As the calendar flips from April to May, the Milwaukee Brewers probably couldn't be happier. It was a very rough opening month to the season.
While you don't win pennants in April and May, the old saying is that you can lose them, and the Brewers took a huge step in the wrong direction by going 10-14 during April.
Add Sunday's 8-0 loss to San Diego to the ledger, and the Crew sits at 10-15 as they head to Arizona and Los Angeles to complete this western swing.
Hoffman has been terrible, but his four blown saves aren't the only issue. To the contrary, they're simply one piece to a puzzle that seems to be growing every time the team takes the field.
The problems are mounting, and they're not just from one source.
Their best hitter might be Yovani Gallardo.
This an issue, being that Gallardo is a pitcher. While I'm half-joking (Ryan Braun is obviously the best hitter on the team), the Brewers got nice offensive contributions from Gallardo in two of his three wins. That's more than can be said about most of the team.
Prince Fielder is, um, well, not good.
We keep waiting for the big man to break out.
Fielder is hitting a respectable .234. Well, it's respectable if he's suddenly turned into J.J. Hardy.
His OBP is .368, so he's being selective at the plate, yet the fact he has just two home runs and a meager .340 SLG suggest he is not seeing the ball well at all.
No easy way out of this slump, as many figured he would break out after getting his first home run of the season two weeks ago in Pittsburgh. Instead, his batting average has fallen even more since, and he looks awful frustrated at the dish.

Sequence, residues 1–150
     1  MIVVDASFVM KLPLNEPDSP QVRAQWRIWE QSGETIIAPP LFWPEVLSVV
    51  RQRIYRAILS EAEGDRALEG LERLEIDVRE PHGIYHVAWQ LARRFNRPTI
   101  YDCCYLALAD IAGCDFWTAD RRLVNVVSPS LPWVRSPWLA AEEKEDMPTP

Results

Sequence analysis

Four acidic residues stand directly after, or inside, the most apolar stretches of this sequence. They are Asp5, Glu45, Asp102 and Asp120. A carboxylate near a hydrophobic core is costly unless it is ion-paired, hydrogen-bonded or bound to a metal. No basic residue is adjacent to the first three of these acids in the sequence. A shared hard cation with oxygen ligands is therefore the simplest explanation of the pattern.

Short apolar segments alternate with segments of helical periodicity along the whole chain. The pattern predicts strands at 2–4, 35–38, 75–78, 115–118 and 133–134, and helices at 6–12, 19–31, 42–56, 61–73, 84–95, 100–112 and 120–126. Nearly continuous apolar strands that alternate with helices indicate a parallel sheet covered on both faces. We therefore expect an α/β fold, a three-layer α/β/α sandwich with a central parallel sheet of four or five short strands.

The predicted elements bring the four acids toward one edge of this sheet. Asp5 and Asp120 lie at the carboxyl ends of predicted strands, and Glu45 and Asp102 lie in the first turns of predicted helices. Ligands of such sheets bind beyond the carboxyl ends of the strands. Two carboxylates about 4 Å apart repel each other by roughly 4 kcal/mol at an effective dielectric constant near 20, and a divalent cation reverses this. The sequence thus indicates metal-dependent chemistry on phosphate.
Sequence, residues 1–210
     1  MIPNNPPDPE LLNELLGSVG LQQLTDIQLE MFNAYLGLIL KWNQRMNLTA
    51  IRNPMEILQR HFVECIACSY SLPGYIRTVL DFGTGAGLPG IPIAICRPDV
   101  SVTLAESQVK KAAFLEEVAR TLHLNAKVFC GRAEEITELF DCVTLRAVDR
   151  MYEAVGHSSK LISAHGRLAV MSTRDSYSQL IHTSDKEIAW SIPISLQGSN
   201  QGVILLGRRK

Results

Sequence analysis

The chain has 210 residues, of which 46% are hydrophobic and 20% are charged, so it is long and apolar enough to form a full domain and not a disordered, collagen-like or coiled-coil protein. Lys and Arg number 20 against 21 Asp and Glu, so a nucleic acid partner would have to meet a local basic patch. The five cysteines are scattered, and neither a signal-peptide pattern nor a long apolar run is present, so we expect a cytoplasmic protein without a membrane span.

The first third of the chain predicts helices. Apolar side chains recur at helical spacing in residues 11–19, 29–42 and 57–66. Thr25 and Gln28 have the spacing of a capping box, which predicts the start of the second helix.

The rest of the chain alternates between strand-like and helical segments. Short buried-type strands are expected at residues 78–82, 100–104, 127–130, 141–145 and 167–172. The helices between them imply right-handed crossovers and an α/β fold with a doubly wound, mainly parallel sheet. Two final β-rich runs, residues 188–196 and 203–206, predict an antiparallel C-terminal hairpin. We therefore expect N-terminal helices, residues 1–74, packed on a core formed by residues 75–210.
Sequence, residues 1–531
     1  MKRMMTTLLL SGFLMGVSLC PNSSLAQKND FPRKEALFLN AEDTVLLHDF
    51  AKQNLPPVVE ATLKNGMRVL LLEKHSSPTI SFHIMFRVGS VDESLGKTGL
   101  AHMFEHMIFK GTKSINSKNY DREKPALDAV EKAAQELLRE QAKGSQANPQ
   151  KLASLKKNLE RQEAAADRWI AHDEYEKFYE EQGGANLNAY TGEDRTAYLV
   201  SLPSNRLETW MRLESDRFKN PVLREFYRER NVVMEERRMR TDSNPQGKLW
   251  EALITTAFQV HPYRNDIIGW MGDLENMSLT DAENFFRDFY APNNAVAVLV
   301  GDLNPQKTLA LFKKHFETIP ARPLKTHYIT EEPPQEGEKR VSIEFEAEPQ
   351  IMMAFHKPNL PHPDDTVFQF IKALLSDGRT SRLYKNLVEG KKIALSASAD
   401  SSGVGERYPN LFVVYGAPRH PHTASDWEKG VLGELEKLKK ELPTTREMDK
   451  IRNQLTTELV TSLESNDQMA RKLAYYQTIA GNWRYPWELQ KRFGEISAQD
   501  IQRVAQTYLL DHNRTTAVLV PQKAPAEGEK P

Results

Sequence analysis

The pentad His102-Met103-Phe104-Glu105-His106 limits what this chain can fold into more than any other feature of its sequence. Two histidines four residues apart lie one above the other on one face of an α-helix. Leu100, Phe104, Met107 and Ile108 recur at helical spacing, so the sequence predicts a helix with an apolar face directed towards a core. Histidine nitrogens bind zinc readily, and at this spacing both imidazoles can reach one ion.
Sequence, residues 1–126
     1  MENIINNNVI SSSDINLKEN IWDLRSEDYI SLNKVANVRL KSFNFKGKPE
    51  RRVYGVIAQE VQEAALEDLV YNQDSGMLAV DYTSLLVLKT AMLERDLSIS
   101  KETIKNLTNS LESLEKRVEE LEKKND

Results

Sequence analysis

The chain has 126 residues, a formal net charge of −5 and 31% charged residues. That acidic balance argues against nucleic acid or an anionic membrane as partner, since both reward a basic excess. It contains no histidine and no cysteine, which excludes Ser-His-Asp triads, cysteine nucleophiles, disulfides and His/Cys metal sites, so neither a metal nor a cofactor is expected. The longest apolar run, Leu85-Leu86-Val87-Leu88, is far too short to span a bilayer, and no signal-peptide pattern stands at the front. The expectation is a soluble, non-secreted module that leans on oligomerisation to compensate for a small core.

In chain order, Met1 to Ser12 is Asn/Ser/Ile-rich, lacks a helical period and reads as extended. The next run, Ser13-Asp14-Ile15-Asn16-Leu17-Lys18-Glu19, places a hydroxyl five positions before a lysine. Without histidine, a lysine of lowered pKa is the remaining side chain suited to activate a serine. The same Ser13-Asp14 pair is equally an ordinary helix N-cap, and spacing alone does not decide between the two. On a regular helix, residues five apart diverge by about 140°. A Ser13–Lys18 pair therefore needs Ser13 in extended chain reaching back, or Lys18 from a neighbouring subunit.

Perhaps we need a gutsy pitcher to buzz the tower. Picking a fight with him might work, since nothing else has.
The pitching sucks.
Gallardo sits at a 3.00 ERA. Despite a disastrous start Sunday, Randy Wolf sits at 3.86. Dave Bush isn't very good, but he's still sitting at 4.60.
That's about all that's good.
Free-agent signee Doug Davis has an 8.87 ERA, and he has allowed 48 baserunners in just a shade over 22 innings. Chris Narveson -- recently named the fifth starter -- is terrible.
Making matters worse, Jeff Suppan is still on the team, and Latroy Hawkins (0-2, 6.97 ERA) joins Hoffman in the "struggling relievers" club. The team ERA is 5.09, which is better than last year, but still far less than good, mediocre, or even respectable.
Jim Edmonds is their best outfielder not named "Ryan Braun."
Corey Hart isn't hitting terribly well. Neither is Carlos Gomez.
We keep hanging our hats on the "they're young" excuse, but when you're getting outperformed by a guy (Edmonds) who didn't even bother to play baseball last year, you have problems.
Hart is at .258/.342/.439 so far. These numbers aren't good, but at least there's improvement over a year ago, when Hart couldn't find his ass with both hands.
Gomez, a disappointment in Minnesota, has shown flashes of ability in all phases, especially baserunning and defense. At .269/.310/.463, he's no Braun, but he's also been relatively decent at the plate.
Edmonds has impressed, small sample size aside. At .298/.394/.474, he is on pace to be a more-than-decent fourth outfielder, assuming Hart and Gomez can be a little better over the long haul.
Ken Macha appears to be struggling.
He has been overly reliant on a bullpen rotation, leaving guys in to get shelled because it's "their inning," a stupid argument that has little merit in the real world.
The issues in settling on a lineup aren't his fault, as he needs people to hit and get on base. When that doesn't happen, he has to try something different. Part of the gig.
But he's totally responsible for Hoffman and Hawkins getting blasted in various outings. If it's obvious that a guy doesn't have it in a game, regardless of the score, it's Macha's job to handle things more aggressively and make sure the right changes are made to facilitate success.
Oh, and the team simply can't go 0-3 on a weekend while getting outscored 25-4, then follow it up the next weekend by going 1-3 and getting outscored 21-2. They're not showing up at the ballpark with the right mindset, and if that doesn't change soon, Willie Randolph is going to find himself managing this team.